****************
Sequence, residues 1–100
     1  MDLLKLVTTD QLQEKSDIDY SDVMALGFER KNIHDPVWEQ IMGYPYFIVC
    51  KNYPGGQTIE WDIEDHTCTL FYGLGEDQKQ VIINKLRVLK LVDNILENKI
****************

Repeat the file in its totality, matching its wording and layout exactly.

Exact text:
Sequence, residues 1–100
     1  MDLLKLVTTD QLQEKSDIDY SDVMALGFER KNIHDPVWEQ IMGYPYFIVC
    51  KNYPGGQTIE WDIEDHTCTL FYGLGEDQKQ VIINKLRVLK LVDNILENKI